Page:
We’re told, ‘Suck it up’: Long-Term Care Workers’ Psychological Health and Safety
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This pilot study analyzes interview research with long-term residential care nursing staff in four Canadian provinces, revealing relationships between workers’ psychological health and well-being and working conditions that include work overload, low worker control, disrespect and discrimination. Further, individual workers are often required to cope with these working conditions on their own. The findings suggest that these psychological health and safety hazards can be addressed by both individual workplaces and government regulation, but are currently ignored or mis-recognized by many employers and even by workers themselves. These findings indicate opportunities for improving psychological health and safety in long-term residential care work.
KeywordsLong-term care Work Gender Racialization Psychological health and safety Mental health Canada
We are grateful for the support of the Social Sciences and Humanities Research Council of Canada (Re-imagining Long-Term Residential Care: An International Study of Promising Practices) and the Canadian Institute for Health Research and the European Institute on Ageing (Healthy Ageing in Residential Places). We are indebted to the Principal Investigator on these projects, Pat Armstrong, and to the co-investigators, for their encouragement and ever helpful critique. Special thanks to Albert Banerjee for his engagement with this research.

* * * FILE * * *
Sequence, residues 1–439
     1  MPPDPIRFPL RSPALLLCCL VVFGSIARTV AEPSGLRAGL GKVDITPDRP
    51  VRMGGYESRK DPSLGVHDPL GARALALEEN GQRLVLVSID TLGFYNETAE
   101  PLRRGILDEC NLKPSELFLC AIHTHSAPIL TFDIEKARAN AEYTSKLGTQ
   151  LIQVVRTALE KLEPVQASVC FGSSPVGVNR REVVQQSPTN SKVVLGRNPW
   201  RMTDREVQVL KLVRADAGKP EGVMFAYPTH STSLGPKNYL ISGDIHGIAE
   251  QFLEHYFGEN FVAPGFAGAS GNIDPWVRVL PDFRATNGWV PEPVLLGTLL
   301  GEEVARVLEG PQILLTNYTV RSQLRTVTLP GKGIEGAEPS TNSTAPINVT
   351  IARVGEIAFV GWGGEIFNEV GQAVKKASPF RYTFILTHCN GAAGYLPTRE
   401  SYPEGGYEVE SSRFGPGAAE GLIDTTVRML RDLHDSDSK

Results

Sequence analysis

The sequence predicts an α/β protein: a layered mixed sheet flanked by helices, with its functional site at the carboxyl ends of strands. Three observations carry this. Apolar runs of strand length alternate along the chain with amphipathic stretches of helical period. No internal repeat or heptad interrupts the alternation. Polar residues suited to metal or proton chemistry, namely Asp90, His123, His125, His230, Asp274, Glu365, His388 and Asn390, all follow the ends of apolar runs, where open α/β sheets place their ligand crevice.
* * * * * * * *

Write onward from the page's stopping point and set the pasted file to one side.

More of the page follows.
Compliance with Ethical Standards
Conflict of Interest
The authors declare no conflict of interest.
As there is no person or personal data appearing in the paper, there is no one from whom a permission should be obtained in order to publish personal data.
Ethical Treatment of Experimental Subjects (Animal and Human)
The studies described in this article received ethics review and approval from university and institution-specific Research Ethics Boards.
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